To send content items to your account,
please confirm that you agree to abide by our usage policies.
If this is the first time you use this feature, you will be asked to authorise Cambridge Core to connect with your account.
Find out more about sending content to .
To send content items to your Kindle, first ensure email@example.com
is added to your Approved Personal Document E-mail List under your Personal Document Settings
on the Manage Your Content and Devices page of your Amazon account. Then enter the ‘name’ part
of your Kindle email address below.
Find out more about sending to your Kindle.
Note you can select to send to either the @free.kindle.com or @kindle.com variations.
‘@free.kindle.com’ emails are free but can only be sent to your device when it is connected to wi-fi.
‘@kindle.com’ emails can be delivered even when you are not connected to wi-fi, but note that service fees apply.
Functional magnetic resonance imaging (fMRI) of multiple neural networks during the brain's ‘resting state’ could facilitate biomarker development in patients with Huntington's disease (HD) and may provide new insights into the relationship between neural dysfunction and clinical symptoms. To date, however, very few studies have examined the functional integrity of multiple resting state networks (RSNs) in manifest HD, and even less is known about whether concomitant brain atrophy affects neural activity in patients.
Using MRI, we investigated brain structure and RSN function in patients with early HD (n = 20) and healthy controls (n = 20). For resting-state fMRI data a group-independent component analysis identified spatiotemporally distinct patterns of motor and prefrontal RSNs of interest. We used voxel-based morphometry to assess regional brain atrophy, and ‘biological parametric mapping’ analyses to investigate the impact of atrophy on neural activity.
Compared with controls, patients showed connectivity changes within distinct neural systems including lateral prefrontal, supplementary motor, thalamic, cingulate, temporal and parietal regions. In patients, supplementary motor area and cingulate cortex connectivity indices were associated with measures of motor function, whereas lateral prefrontal connectivity was associated with cognition.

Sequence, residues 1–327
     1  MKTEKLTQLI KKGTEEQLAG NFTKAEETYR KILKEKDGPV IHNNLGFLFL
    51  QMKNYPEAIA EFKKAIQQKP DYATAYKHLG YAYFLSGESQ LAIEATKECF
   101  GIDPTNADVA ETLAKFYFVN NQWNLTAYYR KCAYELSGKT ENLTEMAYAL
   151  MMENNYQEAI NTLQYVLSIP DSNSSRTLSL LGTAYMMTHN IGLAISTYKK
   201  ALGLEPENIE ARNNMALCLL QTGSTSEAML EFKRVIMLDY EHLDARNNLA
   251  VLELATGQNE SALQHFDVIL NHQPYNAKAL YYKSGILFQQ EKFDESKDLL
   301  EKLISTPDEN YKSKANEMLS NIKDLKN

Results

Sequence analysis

This study provides evidence for aberrant connectivity of RSNs associated with motor function and cognition in early manifest HD when controlling for brain atrophy. This suggests clinically relevant changes of RSN activity in the presence of HD-associated cortical and subcortical structural abnormalities.
Major depressive disorder (MDD) is characterized by alterations in brain function that are identifiable also during the brain's ‘resting state’. One functional network that is disrupted in this disorder is the default mode network (DMN), a set of large-scale connected brain regions that oscillate with low-frequency fluctuations and are more active during rest relative to a goal-directed task. Recent studies support the idea that the DMN is not a unitary system, but rather is composed of smaller and distinct functional subsystems that interact with each other. The functional relevance of these subsystems in depression, however, is unclear.
Here, we investigated the functional connectivity of distinct DMN subsystems and their interplay in depression using resting-state functional magnetic resonance imaging.
We show that patients with MDD exhibit increased within-network connectivity in posterior, ventral and core DMN subsystems along with reduced interplay from the anterior to the ventral DMN subsystems.
These data suggest that MDD is characterized by alterations of subsystems within the DMN as well as of their interactions. Our findings highlight a critical role of DMN circuitry in the pathophysiology of MDD, thus suggesting these subsystems as potential therapeutic targets.
In patients with major depressive disorder (MDD), functional neuroimaging studies have reported an increased activation of the dorsolateral prefrontal cortex (DLPFC) during executive performance and working memory (WM) processing, and also an increased activation of the anterior cingulate cortex (ACC) during baseline conditions. However, the functional coupling of these cortical networks during WM processing is less clear.
In this study, we used a verbal WM paradigm, event-related functional magnetic resonance imaging (fMRI) and multivariate statistical techniques to explore patterns of functional coupling of temporally dissociable dorsolateral prefrontal and cingulate networks. By means of independent component analyses (ICAs), two components of interest were identified that showed either a positive or a negative temporal correlation with the delay period of the cognitive activation task in both healthy controls and MDD patients.
In a prefronto-parietal network, a decreased functional connectivity pattern was identified in depressed patients comprising inferior parietal, superior prefrontal and frontopolar regions. Within this cortical network, MDD patients additionally revealed a pattern of increased functional connectivity in the left DLPFC and the cerebellum compared to healthy controls. In a second, temporally anti-correlated network, healthy controls exhibited higher connectivity in the ACC, the ventrolateral and the superior prefrontal cortex compared to MDD patients.
These results complement and expand previous functional neuroimaging findings by demonstrating a dysconnectivity of dissociable prefrontal and cingulate regions in MDD patients. A disturbance of these dynamic networks is characterized by a simultaneously increased connectivity of the DLPFC during task-induced activation and increased connectivity of the ACC during task-induced deactivation.
Email your librarian or administrator to recommend adding this to your organisation's collection.